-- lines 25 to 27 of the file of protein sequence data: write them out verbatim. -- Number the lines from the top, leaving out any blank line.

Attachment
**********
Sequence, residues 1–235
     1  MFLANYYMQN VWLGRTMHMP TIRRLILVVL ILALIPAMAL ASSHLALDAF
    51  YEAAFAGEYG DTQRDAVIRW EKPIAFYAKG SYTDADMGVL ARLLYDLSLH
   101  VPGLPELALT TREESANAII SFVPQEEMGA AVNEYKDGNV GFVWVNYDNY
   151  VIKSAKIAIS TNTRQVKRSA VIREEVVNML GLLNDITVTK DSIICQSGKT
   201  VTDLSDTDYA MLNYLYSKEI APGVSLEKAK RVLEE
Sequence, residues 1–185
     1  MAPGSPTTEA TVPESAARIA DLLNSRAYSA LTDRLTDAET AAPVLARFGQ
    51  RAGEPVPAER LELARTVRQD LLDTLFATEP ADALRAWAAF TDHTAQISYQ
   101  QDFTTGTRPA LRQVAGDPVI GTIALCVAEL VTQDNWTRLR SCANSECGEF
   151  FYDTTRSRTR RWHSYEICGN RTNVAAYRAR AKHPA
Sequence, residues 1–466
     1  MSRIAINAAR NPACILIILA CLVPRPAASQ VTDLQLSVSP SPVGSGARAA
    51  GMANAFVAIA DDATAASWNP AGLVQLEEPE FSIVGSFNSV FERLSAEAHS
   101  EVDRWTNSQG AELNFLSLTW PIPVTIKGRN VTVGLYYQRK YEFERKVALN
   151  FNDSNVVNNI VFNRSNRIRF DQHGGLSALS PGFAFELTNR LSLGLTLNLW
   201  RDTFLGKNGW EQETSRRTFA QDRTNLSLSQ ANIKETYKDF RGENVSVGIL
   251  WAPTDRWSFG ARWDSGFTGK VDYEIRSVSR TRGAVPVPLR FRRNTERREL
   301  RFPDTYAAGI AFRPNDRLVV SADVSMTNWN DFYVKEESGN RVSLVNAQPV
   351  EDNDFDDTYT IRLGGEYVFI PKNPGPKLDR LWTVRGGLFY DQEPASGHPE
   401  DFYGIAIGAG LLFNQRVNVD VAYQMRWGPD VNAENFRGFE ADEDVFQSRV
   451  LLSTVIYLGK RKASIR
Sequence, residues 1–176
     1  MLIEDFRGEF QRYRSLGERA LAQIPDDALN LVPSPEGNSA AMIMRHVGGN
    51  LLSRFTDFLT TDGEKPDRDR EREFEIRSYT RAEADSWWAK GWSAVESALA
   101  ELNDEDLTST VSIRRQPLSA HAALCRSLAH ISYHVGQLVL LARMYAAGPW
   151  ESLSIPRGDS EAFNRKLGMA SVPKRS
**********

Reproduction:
    51  LLSRFTDFLT TDGEKPDRDR EREFEIRSYT RAEADSWWAK GWSAVESALA
   101  ELNDEDLTST VSIRRQPLSA HAALCRSLAH ISYHVGQLVL LARMYAAGPW
   151  ESLSIPRGDS EAFNRKLGMA SVPKRS